© 2016 Elsevier Inc.Hypovolaemia can be associated with substantial morbidity, particularly when it occurs in the setting of trauma and in patients with comorbid diseases. Hypovolaemia and inflammation such as occur in the setting of trauma and surgery, are associated with systemic oxidative stress and free-radical injury. Free-radical injury that results from hypovolaemia-induced organ reperfusion may further augment inflammatory processes. It is unknown exactly what proportion of free-radical injury is associated with isolated hypovolaemia as opposed to the contribution from inflammation from surgery or trauma. In the first human study of its kind, we exposed 8 adult male volunteers to venesection-induced hypovolaemia in progressive aliquots of 5% of total blood volume until 20% had been removed. This blood was subsequently reinfused. Plasma F2-isoprostanes and isofurans, markers of in vivo lipid oxidation, were measured by gas chromatography-mass spectrometry at each 5% aliquot venesected and at each 5% reinfused. Between baseline and maximal blood loss there was a minor fall in haemoglobin concentration from 143.9 g/l to 138.8 g/l (p = 0.004, 95% CI 2.2, 8.0 g/L). No significant change from baseline occurred in the concentrations of either plasma F2-isoprostanes or isofurans during venesection (p = 0.116 and p = 0.152, respectively) or blood reinfusion (p = 0.553 and p = 0.736, respectively). We can conclude that in healthy adult volunteers, isolated hypovolaemia to 20% total blood volume loss is not associated with detectable systemic oxidative stress. The free-radical injury identified in surgical and trauma patients may represent the effects of tissue damage and inflammation, with an uncertain contribution from tissue ischemia as may occur with hypovolaemia.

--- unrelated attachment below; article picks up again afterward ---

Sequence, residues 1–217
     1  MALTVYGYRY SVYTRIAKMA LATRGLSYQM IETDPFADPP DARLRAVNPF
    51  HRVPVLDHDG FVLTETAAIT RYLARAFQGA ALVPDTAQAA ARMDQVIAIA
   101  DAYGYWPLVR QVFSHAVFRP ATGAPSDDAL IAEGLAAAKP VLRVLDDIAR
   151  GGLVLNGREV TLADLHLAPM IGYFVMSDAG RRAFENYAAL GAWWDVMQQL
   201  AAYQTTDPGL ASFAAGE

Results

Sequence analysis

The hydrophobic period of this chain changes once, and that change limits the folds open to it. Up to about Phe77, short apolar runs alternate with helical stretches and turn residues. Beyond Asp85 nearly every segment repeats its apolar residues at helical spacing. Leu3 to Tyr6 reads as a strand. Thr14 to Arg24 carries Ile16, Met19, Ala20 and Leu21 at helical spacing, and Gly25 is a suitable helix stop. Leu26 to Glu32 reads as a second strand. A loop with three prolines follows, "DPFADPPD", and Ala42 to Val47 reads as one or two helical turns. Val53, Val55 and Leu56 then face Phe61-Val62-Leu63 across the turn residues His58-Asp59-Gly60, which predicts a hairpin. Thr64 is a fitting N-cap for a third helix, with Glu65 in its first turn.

|Journal||Prostaglandins and Other Lipid Mediators|
|Publication status||Published - 2016|